When Americans buy a home, they compare the prices of similar houses in the same area. But when it comes to securing a new job, many may fail to do their research and end up leaving money on the table.
The typical worker is earning about $7,500 less per year, or about 13.3 percent, than they should be, according to new research from employment site Glassdoor, which analyzed pay data from 1.3 million U.S. employees. The jobs with the biggest gaps in what employees actually earn versus what they could make tend to be in the most in-demand sectors: health care, tech and finance.
Despite a growing economy, many American workers have suffered from stagnant and slow-growing wages, a disparity that has puzzled economists. Some have pointed to the decline of organized labor as a culprit, but workers may also be hampered by a lack of transparency. Data on what others in your field are earning can help workers negotiate higher salaries, although many Americans accept the first offer from a prospective employer.
"It's like owning a home: People look at the value of their home based on local indicators," said Glassdoor community expert Scott Dobroski. "With pay, people aren't doing that. We do it with our homes, but not with ourselves."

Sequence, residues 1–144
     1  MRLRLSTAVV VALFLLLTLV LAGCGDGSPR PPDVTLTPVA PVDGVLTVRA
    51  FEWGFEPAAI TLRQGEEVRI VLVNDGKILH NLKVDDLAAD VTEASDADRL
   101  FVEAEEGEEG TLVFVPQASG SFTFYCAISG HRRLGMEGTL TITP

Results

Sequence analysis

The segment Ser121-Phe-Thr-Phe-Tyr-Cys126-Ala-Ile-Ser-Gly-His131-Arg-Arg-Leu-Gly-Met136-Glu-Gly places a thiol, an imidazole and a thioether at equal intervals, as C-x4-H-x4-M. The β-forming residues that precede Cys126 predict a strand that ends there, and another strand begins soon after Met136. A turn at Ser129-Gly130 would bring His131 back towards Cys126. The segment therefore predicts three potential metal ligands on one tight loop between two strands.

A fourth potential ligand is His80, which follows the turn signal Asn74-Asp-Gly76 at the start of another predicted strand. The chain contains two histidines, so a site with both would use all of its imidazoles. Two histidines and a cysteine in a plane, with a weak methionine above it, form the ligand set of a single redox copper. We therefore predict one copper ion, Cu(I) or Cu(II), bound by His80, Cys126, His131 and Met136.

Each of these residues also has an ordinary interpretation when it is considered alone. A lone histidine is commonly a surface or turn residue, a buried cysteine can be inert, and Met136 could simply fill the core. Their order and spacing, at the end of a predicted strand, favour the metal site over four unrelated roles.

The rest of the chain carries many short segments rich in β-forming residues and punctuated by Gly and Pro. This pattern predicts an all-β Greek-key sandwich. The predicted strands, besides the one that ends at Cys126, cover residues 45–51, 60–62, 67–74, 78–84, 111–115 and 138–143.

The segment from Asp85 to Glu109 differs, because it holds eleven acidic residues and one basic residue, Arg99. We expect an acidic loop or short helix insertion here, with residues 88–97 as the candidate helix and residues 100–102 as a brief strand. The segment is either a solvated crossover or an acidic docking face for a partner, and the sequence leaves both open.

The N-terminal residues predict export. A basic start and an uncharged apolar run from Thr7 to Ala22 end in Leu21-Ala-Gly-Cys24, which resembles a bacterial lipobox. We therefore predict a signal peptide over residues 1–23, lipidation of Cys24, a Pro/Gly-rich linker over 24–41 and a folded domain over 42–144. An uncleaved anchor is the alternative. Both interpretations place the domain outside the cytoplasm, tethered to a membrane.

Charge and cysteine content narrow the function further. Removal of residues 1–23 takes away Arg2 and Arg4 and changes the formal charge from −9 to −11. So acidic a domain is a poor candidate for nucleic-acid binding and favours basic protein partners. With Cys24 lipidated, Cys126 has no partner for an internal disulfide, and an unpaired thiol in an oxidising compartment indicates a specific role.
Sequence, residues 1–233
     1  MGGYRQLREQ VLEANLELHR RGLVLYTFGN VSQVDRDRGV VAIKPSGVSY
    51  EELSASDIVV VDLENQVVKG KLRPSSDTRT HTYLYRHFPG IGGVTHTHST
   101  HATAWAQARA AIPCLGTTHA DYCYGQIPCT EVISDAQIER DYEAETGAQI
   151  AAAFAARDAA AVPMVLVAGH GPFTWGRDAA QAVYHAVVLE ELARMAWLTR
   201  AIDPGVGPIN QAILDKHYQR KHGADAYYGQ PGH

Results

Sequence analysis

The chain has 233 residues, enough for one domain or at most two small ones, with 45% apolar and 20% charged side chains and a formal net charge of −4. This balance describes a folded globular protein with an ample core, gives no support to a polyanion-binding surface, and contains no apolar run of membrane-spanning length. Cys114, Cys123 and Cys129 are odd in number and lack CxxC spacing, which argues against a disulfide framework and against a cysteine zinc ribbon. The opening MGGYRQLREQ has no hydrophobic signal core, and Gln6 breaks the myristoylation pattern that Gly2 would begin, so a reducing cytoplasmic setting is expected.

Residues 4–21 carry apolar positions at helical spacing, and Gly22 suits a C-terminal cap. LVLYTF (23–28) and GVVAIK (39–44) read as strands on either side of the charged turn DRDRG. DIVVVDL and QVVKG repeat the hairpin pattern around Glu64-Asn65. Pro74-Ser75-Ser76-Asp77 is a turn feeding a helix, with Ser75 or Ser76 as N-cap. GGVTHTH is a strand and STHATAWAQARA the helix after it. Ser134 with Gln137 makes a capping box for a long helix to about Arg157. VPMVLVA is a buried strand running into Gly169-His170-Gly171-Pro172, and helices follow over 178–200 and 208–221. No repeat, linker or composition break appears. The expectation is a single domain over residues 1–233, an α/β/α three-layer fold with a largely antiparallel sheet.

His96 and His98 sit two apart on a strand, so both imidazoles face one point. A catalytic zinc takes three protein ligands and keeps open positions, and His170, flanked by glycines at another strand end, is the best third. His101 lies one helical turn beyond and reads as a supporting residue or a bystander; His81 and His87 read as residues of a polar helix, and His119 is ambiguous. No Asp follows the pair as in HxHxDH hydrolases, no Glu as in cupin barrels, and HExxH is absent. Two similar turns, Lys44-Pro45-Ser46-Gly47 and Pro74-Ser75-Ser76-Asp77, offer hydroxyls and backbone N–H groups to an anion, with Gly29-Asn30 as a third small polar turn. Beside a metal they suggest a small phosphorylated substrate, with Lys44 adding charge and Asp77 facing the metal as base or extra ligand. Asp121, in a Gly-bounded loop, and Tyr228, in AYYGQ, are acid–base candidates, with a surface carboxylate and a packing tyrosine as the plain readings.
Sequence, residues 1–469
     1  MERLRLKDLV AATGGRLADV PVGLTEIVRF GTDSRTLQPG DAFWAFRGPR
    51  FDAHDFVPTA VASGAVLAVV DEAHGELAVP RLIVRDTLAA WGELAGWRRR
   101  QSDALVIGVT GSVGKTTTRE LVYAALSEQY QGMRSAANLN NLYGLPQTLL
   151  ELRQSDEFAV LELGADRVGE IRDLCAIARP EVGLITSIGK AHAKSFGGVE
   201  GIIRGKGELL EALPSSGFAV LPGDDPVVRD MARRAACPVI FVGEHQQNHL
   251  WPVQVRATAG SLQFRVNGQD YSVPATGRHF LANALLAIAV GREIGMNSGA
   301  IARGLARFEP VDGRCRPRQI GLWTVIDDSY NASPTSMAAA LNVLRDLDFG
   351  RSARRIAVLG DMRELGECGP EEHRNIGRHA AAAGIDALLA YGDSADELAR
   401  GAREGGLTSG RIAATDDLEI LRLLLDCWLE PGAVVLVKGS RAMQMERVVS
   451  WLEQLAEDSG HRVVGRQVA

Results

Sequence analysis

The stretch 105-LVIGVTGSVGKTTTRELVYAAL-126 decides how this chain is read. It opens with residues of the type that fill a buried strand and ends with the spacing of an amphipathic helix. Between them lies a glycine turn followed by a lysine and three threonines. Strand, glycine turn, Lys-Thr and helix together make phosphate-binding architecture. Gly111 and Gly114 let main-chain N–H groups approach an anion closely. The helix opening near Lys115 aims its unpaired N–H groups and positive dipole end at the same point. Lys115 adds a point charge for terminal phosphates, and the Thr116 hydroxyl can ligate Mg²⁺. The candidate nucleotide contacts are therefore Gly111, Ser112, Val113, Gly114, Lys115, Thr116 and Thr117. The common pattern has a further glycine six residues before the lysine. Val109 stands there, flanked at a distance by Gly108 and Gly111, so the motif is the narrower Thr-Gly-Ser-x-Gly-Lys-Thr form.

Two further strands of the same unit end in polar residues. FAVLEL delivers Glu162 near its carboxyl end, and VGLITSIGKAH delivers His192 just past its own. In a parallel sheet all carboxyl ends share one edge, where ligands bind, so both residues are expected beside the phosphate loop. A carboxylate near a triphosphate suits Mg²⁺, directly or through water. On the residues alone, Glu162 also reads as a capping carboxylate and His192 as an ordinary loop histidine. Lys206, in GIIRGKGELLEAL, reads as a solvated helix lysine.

More than two-thirds of women don't negotiate salary when they take a new job, compared with about one-half of men, he added (Employees can benchmark their pay using Glassdoor's Know Your Worth tool.)
"For some reason, men are much more comfortable negotiating their salaries," he said. "This is a takeaway for all employees. Knowing your current market value is irrespective of gender and ethnicity."
Employees working in tech, health care and finance may be in the best position to negotiate for higher salaries, simply because demand is so high to fill jobs. It's important to back up why you believe you should be paid more, Dobroski said. Looking for a job elsewhere can help workers find better-paying roles.
"If you are making a job decision based only on pay, that's not enough," he added.
Other issues to consider are include benefits, the mission of the company and career advancement potential.
Read on to learn about the nine most underpaid jobs in America.